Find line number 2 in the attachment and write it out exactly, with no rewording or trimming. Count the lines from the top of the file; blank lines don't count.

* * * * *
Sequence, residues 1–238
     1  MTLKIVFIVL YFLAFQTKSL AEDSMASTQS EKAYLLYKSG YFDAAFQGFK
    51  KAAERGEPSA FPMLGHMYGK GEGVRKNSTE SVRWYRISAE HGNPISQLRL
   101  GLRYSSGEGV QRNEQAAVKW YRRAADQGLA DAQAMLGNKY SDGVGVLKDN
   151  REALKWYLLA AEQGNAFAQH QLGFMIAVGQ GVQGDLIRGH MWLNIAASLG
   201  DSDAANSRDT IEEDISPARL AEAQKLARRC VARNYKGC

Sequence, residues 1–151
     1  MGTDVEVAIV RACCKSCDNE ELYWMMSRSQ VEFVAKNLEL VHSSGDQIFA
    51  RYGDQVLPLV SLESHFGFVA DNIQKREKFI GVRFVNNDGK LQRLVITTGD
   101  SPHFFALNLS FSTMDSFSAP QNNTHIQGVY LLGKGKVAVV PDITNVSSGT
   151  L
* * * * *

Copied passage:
     1  MTLKIVFIVL YFLAFQTKSL AEDSMASTQS EKAYLLYKSG YFDAAFQGFK